Saturday, June 23, 2007

"Sexual Realism" Takes a Front Seat to Reality

So, apparently, a bunch of eggheads rendezvoused at the 29th Annual Guelph Sexuality Conference this week (where, I think it's safe to say, everybody slept singly, and in rasping turtlenecks) to "come up with more convincing ways of reaching cynical, media savvy adolescents who have "seen it all" and are wary of anyone over 30." (... That just about everyone in attendance was well over the age of 30 goes without saying.)

The main concern of the conference appears to have been that none of the magic solutions proposed by progressives over the course of the last 20-30 years are working. At all. Indeed, things seem to be getting worse.

Their solution, of course, was simply to pour on more of the same.

Carolyn Stewart, a Simon Fraser "Health Educator", suggested this:
When someone tells you, 'Sex sucks with a condom,' then you could say, 'Actually, I know how to make it really hot. Do you want me to show you?'
That is.

Trent Psychology Professor Terry Humphreys, offered the following:
"Consent is a complex set of negotiations," he said.

Pulling from two decades worth of research on the topic, Prof. Humphreys illustrated why saying "No" is not only not part of "normative sexual scripts," but also a clear violation of most people's conversational norms. When it comes to sex, he said, "Young people have a strong belief that they have a 'Yes,' unless it's stated otherwise."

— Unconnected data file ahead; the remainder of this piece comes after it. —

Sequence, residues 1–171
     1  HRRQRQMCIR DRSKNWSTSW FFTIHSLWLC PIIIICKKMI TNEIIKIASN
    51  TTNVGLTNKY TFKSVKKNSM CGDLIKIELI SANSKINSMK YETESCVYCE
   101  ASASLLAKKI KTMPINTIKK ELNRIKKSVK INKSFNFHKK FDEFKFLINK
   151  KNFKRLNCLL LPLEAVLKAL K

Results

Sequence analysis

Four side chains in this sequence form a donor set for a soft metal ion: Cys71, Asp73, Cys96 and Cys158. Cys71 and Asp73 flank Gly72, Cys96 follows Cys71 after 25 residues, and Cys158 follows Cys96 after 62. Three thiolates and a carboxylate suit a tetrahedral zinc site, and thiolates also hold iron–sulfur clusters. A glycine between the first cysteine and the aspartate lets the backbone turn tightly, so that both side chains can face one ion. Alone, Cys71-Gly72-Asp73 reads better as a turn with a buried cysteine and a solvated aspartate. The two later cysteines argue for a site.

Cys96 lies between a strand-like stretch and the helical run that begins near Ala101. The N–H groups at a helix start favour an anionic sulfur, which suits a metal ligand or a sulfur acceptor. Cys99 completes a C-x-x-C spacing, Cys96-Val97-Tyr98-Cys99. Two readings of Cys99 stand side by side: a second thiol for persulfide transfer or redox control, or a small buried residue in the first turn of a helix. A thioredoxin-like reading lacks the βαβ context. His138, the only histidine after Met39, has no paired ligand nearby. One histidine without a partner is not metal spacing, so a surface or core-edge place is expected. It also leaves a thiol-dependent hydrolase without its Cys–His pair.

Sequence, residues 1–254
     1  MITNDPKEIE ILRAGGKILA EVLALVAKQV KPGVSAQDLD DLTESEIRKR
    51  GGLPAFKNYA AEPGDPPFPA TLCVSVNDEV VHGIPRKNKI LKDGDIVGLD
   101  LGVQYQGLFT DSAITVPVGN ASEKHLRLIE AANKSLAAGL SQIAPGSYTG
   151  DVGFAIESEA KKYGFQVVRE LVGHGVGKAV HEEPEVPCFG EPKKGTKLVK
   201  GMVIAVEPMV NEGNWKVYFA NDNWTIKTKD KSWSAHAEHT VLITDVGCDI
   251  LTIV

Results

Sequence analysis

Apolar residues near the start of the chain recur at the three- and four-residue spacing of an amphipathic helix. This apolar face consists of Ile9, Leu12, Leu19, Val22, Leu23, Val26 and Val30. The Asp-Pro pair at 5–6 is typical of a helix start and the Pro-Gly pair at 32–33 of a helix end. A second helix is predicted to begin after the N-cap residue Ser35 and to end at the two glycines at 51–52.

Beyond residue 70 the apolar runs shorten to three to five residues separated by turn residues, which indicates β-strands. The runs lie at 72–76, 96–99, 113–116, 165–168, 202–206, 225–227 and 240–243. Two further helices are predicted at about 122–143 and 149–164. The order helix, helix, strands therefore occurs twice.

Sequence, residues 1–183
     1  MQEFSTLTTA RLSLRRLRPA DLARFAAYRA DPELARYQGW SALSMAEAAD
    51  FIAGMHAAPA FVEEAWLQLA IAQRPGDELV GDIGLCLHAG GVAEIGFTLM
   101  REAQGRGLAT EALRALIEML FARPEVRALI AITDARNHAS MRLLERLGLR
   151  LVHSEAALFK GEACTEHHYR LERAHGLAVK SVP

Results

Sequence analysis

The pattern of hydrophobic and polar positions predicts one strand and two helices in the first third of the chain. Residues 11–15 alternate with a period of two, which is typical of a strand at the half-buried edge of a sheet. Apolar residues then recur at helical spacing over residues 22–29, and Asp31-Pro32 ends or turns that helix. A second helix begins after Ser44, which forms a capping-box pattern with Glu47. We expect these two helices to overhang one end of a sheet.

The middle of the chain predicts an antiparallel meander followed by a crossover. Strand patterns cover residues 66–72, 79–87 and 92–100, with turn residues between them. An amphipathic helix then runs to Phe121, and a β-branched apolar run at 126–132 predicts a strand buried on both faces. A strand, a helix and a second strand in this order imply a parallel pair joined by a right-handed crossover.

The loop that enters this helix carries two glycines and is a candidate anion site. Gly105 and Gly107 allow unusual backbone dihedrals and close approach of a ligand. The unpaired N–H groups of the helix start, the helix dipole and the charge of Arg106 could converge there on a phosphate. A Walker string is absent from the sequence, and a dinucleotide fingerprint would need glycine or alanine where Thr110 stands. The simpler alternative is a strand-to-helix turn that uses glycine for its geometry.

Complicating the matter, Prof. Humphreys explained, is that most sexual cues are non-verbal: verbalizing kills the mood and dulls the spontaneity so intrinsic to arousal. Even more problematic, he said, is that both sexes often prefer ambiguity during casual liaisons, offering less chance for awkwardness and rejection.

That is.

Does this nonsense strike anyone else as being the frozen limit of pointlessness? In the end, you get the distinct impression that Professor Frink there, and his Guelph Gang of Progressively- Minded Pedagogical Masturbators, aren't so much concerned about the sexual health of adolescents as they are about being able to "relate" to young people so that they aren't made to feel so old themselves. (Which, incidentally, teenagers consider to be a particularly repulsive trait in adults.)

If you'll allow me: the only way to bridge the gap between you and a bunch of rutting kids is, I'm afraid, to wait until the inexorable passage of time has made grown-ups of them too. Until then, yours must be that untiring voice ringing in the back of their tittle-tattle filled heads, commanding them to keep it in their pants! Spank them if necessary (and while you still can). Lame, I know. --But who cares?! You're worried about looking lame to a bunch of teenagers? Grow-up, for God's sake!

And rest assured that once they've shaken off that dreary dew of youth, they will understand. (And, likely, if they've acquired any brains in the meantime, they'll be grateful too.)

... In related news:

A Toronto city councillor is hoping to make it a little harder for young spray paint artists to practise their trade.

In a letter going to council's licensing and standards committee next Friday, Councillor Paul Ainslie (Ward 43, Scarborough East) says he wants to prohibit the sale of spray paint to anyone under age 18 to reduce "graffiti and tagging."

That is.